Fools and their Money

News comes of one seriously unwise investment.

Today, it was announced that Golden Gate Investors committed to funding Infinium Labs to the tune of $5 Million, according to this story on Gamasutra. For those who are unaware of Infinium, it is the company that is theoretically planning the, aptly named, Phantom Game Service.

I will be the first to admit my ignorance about investing, but if I had that kind of money, I would do some basic due diligence before giving it to somebody else. The first thing to look at is the history of the company, so let us start there.

Infinium Labs was founded in 2002 by Timothy Roberts, and about three years ago, the press was publishing hype articles about the Phantom Game Console as a supposed rival to the Xbox. Within six months or so, the game industry was awash with rumors about this being nothing but vaporware. A few independent exposes were published, including one on [H]ardOCP, Behind the Infinium Phantom Console [September 17, 2003]. Among other things, it revealed Mr. Roberts as having a penchant for stretching the truth (to put it charitably) and that the company address was nothing more than a mail drop in Florida.

Since the publication of that article, Infinium has (inexplicably) made the game news somewhat regularly with different pieces of “news” but never any actual product. Last February, Roberts estimated that the console would ship before the end of 2005. Then it was announced that, rather than a game console, they were going to create a game service instead. Roberts stepped down or was forced out of at least some of his positions and replaced (even more inexplicably) by people with actual industry credibility, including Kevin Bachus, formerly of Microsoft [Xbox], who resigned after only 3 months at the helm.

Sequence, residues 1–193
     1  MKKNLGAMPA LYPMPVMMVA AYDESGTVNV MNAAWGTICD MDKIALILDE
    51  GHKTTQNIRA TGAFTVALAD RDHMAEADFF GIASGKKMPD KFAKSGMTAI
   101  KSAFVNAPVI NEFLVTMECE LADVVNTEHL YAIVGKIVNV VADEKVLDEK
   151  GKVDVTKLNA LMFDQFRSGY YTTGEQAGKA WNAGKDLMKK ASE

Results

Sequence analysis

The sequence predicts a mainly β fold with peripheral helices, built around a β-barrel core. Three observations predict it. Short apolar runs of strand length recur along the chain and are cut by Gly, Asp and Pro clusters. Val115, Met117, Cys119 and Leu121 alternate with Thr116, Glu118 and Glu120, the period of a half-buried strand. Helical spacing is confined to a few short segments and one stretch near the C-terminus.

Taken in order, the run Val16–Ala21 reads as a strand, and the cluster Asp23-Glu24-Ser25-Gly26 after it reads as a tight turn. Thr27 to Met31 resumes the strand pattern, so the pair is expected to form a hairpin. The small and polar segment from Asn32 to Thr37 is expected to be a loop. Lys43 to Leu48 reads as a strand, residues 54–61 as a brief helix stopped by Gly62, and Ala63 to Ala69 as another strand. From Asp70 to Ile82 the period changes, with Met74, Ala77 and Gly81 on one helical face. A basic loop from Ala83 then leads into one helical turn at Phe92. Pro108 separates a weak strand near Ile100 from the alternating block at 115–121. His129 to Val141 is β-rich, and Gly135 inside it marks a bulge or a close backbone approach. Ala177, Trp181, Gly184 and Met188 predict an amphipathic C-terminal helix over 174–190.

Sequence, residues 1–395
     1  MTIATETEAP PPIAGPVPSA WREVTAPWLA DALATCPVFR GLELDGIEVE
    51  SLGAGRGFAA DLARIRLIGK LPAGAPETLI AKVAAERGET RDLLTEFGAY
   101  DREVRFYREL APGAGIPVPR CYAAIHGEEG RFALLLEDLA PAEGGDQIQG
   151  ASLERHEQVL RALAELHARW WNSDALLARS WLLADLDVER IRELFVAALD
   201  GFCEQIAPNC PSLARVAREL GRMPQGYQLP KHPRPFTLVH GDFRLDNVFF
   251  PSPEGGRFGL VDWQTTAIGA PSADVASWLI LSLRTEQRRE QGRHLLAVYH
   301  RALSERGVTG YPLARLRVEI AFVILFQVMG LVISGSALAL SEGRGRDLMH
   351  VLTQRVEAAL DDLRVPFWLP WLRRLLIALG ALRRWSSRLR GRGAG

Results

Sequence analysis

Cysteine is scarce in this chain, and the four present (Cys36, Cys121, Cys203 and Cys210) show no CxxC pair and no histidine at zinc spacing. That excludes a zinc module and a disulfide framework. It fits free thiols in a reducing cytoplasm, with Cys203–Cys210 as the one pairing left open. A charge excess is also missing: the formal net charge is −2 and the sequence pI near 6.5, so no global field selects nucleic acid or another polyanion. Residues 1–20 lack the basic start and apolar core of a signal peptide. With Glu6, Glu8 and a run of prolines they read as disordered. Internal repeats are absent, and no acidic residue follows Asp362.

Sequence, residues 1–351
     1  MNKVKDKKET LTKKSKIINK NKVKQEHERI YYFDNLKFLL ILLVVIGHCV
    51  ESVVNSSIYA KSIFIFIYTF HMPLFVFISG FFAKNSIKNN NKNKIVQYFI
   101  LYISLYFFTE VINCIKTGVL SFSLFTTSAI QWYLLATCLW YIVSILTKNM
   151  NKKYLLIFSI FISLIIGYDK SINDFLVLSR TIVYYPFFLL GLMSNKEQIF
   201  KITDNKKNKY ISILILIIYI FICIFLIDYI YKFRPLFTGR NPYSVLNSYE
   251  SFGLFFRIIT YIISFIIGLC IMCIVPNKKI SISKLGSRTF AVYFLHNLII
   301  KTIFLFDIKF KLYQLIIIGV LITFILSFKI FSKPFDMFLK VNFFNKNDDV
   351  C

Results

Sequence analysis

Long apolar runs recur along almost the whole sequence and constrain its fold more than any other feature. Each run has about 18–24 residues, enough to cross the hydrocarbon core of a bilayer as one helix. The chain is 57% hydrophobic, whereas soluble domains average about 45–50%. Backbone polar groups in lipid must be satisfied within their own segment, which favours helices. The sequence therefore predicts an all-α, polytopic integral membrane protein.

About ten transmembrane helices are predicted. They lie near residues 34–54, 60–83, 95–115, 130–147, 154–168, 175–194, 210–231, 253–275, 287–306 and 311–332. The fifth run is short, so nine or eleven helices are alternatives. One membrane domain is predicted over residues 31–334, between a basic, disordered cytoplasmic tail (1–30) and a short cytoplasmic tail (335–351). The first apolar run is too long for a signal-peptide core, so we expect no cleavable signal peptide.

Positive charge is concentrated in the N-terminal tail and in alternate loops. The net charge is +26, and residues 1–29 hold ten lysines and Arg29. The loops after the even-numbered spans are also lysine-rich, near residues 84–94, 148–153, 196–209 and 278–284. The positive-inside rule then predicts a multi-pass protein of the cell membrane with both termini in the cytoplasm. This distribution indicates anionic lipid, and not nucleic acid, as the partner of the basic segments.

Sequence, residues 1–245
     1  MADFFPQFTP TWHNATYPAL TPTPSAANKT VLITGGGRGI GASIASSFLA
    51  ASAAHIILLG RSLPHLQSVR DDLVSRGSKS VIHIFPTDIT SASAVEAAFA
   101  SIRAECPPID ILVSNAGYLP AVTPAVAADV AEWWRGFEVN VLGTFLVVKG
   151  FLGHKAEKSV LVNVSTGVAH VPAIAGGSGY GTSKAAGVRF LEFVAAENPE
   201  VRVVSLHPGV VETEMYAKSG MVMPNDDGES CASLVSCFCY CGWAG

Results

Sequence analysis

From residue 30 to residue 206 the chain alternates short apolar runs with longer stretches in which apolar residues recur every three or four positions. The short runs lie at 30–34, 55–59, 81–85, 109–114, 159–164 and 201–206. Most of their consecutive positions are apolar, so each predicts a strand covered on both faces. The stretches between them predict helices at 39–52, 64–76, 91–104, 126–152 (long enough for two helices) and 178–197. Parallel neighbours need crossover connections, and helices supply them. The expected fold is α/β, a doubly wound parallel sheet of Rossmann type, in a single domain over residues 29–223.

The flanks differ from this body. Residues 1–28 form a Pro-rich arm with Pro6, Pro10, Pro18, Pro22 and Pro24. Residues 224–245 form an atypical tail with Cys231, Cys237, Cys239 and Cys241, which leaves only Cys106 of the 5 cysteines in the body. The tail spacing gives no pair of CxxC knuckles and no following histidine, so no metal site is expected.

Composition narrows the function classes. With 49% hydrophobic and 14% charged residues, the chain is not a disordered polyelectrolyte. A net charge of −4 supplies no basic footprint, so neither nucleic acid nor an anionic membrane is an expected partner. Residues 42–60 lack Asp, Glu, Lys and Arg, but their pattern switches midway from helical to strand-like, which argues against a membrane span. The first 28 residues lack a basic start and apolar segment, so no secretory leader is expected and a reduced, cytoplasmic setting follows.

This brings us to the recent past, when last month, Infinium announced that before launching any game service, they would be producing a wireless game peripheral, the Phantom Lapboard, but only if they managed to get another $2 million investment. In three years, they have gone from competing with the Xbox console, to a gaming service, to a wireless keyboard/mouse combination, if the company (or any of us) survives that long.

The next thing that I would look at is the financial position of the company, both the current situation and the future potential (and liabilities). I cannot interpret financial statements well, but it is clear that Infinium Labs has lost at least $57.5 million since inception, with no sales at all. Additionally, they are the defendant in investor lawsuits, are the subject of an SEC investigation, and owe the IRS $2.35 million in payroll taxes and penalties, as of half a year ago. This is not a promising picture.

In my opinion, naming the products “Phantom” was the most honest thing Infinium has done, as it is highly unlikely that the public will ever see one of these products. Clearly, somebody has been making money off of the investors, and I am curious to know where all of the cash has actually gone.

The big question in my mind is: How is Infinium Labs still able to get people to invest in this scheme? Perhaps more to the point: How did these investors end up with this kind of money if they use it so foolishly?

Just in case there are any big investors reading this, I have lots of game designs and prototypes that would be very successful if I could just find the time and/or help to complete them. If you want to fund a my new company for a while, we would actually deliver a real product, and at a fraction of Infinium’s debt. Think about it.

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